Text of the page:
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BMW M8 Gran Coupe spied: Update!

Refuse to carry the other half and kids around with less than 600hp?Β Bavaria's bringing a new option to the market

By Sam Sheehan / Friday, March 29, 2019

UPDATE - 29.03.2019

Oh to have been a spy photographer sat track side at the Nurbugring this week. There are so many high-performance models currently being thrashed there day in day out, you’d not be without cause for entertainment – especially if you prefer your cars of the V8 kind. BMW is busy testing both variants of its upcoming M8, the coupe and Gran Coupe, the latter of which has been the latest subject of attention for our snapper’s lens.

Making a return to the dry and warm climates of continental Europe after a winter in the Arctic Circle, BMW’s fleet of M8 Gran Coupe test cars appear to be well into their final phase of testing. High-speed track runs of cars with minimal camouflage normally signal that settings are being signed off and final analysis is being done on components. In the case of sporting cars from BMW, it often also includes a timed lap or two.

Because while this M8 variant is the extra practical more-door version of Bavaria’s 600hp plus super coupe, it’ll still be expected to perform in the manner of a red-blooded M division model. That’s why any adjustment to the suspension in order to make this model ready to carry heavier loads are likely being done so this inevitably weightier version offers all of the same handling characteristics.

Don’t expect more than a tenth or two to be added to the Gran Coupe’s 0-62mph time in comparison to the two-door, either, because the M8’s twin-turbocharged 4.4-litre V8 will provide more punch than the M5’s and utilise its own take on the M-division all-wheel drive system – the one that provides a rear bias at all times and can be switched to pure rear-wheel drive mode at the touch of a button.

It’s likely that the M8 Gran Coupe will be launched after its two-door sister, but with the latter due very soon, we’re expecting to see the more-door car on roads well ahead of the year’s close. A convertible version of the two-door should also squeeze in before 2020, too, with BMW likely keen to get a full line-up of M8s into showrooms in order to really shake up this end of the market. On that note, don’t expect much change back from £140,000 for the cheapest M8.

ORIGINAL STORY - 14.02.2019

If you want proof that the job of an automotive testing engineer isn't all numbers and bar charts, here it is. Shots of the upcoming BMW M8 Gran Coupe being driven in our favourite manner: with a handful of opposite lock during a neat corner-exit slide. It's only natural, of course, given the climatic conditions of the Arctic Circle and the hardware within this four-door BMW.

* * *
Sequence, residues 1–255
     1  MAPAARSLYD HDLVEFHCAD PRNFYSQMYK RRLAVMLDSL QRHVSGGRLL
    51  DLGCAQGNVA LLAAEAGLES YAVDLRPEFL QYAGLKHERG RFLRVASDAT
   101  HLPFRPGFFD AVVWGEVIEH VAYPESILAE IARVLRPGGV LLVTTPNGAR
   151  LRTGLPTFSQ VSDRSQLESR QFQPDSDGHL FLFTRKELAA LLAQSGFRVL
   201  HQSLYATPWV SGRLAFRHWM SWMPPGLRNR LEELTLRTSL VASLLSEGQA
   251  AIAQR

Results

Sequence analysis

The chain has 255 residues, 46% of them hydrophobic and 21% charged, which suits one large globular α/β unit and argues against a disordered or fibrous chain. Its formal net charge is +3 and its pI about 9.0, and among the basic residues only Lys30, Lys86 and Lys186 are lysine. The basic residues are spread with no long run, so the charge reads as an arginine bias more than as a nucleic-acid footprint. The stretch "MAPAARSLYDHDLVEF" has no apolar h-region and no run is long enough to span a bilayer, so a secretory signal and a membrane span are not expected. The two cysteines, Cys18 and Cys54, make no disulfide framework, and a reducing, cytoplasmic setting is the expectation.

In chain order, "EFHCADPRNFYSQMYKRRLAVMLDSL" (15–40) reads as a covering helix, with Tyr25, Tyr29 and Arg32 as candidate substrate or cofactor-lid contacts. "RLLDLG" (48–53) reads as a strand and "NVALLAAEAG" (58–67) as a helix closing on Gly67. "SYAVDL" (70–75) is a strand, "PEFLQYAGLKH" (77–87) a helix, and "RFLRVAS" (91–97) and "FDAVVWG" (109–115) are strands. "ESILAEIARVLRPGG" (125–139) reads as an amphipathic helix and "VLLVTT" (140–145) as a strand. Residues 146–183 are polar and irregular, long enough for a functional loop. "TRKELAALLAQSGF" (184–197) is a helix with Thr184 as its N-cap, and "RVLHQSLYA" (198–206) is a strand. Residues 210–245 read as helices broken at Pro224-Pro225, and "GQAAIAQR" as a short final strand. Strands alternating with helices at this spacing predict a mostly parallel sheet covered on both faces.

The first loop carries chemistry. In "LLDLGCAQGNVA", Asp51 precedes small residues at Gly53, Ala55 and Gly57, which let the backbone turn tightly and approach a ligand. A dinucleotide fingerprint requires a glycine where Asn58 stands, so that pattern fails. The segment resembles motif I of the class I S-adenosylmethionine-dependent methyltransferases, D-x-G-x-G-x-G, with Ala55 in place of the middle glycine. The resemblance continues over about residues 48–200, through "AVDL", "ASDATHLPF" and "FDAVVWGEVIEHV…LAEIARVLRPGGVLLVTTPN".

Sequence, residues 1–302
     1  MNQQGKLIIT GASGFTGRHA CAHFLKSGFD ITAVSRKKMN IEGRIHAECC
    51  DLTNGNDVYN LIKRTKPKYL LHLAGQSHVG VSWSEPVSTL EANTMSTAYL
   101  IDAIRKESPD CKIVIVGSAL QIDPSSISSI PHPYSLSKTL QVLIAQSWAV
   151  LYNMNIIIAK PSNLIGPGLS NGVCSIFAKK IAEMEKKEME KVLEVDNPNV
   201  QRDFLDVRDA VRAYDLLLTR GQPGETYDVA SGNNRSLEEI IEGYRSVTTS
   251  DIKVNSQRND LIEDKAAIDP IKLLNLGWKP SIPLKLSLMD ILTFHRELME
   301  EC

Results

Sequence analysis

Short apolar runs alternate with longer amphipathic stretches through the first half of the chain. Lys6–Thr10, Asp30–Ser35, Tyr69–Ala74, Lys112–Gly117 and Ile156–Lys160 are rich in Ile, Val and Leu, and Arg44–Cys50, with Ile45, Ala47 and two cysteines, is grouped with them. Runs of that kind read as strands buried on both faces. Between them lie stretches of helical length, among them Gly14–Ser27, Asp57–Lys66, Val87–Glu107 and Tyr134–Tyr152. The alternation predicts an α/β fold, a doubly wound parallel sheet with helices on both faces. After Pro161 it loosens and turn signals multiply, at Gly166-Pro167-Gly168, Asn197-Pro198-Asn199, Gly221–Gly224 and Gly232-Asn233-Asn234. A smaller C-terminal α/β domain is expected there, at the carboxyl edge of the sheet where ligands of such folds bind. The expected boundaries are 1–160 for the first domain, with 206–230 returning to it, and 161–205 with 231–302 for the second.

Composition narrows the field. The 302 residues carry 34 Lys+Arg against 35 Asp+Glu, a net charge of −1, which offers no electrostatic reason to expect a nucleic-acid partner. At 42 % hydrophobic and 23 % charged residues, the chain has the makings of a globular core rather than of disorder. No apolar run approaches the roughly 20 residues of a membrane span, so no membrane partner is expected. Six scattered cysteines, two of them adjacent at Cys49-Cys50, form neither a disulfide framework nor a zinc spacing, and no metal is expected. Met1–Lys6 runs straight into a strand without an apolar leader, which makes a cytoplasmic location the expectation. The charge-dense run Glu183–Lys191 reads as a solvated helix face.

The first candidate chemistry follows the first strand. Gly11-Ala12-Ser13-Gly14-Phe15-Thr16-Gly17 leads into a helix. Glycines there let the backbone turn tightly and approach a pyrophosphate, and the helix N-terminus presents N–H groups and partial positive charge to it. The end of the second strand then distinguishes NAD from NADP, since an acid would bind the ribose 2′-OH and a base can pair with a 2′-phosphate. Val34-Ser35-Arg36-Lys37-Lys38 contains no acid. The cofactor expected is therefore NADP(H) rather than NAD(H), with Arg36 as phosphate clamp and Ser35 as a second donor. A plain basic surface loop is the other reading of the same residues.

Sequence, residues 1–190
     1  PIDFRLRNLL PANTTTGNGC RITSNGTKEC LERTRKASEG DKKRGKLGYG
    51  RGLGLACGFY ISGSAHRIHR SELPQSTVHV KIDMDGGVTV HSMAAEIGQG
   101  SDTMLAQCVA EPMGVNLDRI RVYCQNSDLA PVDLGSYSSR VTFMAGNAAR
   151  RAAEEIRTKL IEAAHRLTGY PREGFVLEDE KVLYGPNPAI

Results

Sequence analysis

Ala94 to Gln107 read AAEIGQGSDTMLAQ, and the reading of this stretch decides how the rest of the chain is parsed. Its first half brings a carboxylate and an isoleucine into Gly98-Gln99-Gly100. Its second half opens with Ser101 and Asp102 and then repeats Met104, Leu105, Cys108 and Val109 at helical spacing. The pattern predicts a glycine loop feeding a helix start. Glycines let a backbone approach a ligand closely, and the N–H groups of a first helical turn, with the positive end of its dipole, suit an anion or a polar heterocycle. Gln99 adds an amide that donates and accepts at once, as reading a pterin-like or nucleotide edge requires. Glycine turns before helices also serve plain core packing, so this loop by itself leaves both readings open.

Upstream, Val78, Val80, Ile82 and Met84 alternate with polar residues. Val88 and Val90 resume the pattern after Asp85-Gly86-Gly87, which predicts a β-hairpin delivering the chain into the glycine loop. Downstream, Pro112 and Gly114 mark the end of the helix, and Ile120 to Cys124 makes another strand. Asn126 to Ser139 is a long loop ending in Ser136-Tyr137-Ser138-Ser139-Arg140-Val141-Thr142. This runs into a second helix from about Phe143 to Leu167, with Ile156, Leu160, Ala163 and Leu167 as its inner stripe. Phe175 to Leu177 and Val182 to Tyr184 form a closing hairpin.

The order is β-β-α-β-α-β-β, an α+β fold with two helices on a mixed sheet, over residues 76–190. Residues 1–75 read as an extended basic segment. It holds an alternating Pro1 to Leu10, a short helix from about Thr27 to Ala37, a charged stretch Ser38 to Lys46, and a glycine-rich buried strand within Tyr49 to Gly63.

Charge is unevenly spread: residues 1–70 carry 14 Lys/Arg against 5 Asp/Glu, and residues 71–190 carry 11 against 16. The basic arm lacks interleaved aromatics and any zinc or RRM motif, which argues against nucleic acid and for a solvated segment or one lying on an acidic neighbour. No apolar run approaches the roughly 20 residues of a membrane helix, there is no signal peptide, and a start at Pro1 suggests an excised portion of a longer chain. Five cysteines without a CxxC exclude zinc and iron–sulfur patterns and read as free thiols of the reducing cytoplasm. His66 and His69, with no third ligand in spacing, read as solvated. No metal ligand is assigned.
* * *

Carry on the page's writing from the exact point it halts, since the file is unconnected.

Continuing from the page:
Like the Gran Coupe version of the regular 8, we expect the four-door M8 to stick with the same powertrain and driveline as its coupe sibling. That means an engine of 4.4-litres and eight cylinders, arranged in diagonally opposed banks, producing at least 600hp - we know the latter because BMW said so and, well, it needs at least that to match the M5. Even with the minimum figure, it's a setup that out punches the Porsche Panamera Turbo's and places the BMW neck-and-neck with the AMG GT 4-Door.

Underneath the M8 Gran Coupe, there'll be a version of the M division's adjustable all-wheel drive system (as used by the M5 and upcoming X3 M and X4 M) that provides the rears with more torque at all times. But, as we know, the system's party piece is its ability to essentially decouple the front axle from the driveline - via multi-plate clutch technology - and turn the car into a rear driver. Added to that, the M8 Gran Coupe will feature all of the same drive modes as the two-door M car, just now you can take more friends along for the ride.

With that in mind, it's inevitable that the Gran Coupe will put on a few pounds thanks to its two extra doors, plus the weight distribution might shuffle backwards a little. As such, this more practical variant will no doubt get bespoke settings for its suspension to prepare for the additional carrying capacity. Still, that doesn't necessarily mean the four-door will be significantly softer; as we know, BMW's M department boffins are rather good at masking a car's weight.

The Gran Coupe, which is due on roads late this year, soon after the non-M model, mixes the front end and exterior design details of the two-door with that slightly elongated roofline. There's certainly no shortage of global demand for a four-door with supercar performance, a muscular soundtrack and a grown-up demeanour - see Porsche Panamera sales and the orders flooding in for AMG's rival. Only question is, which of the options would you go for?

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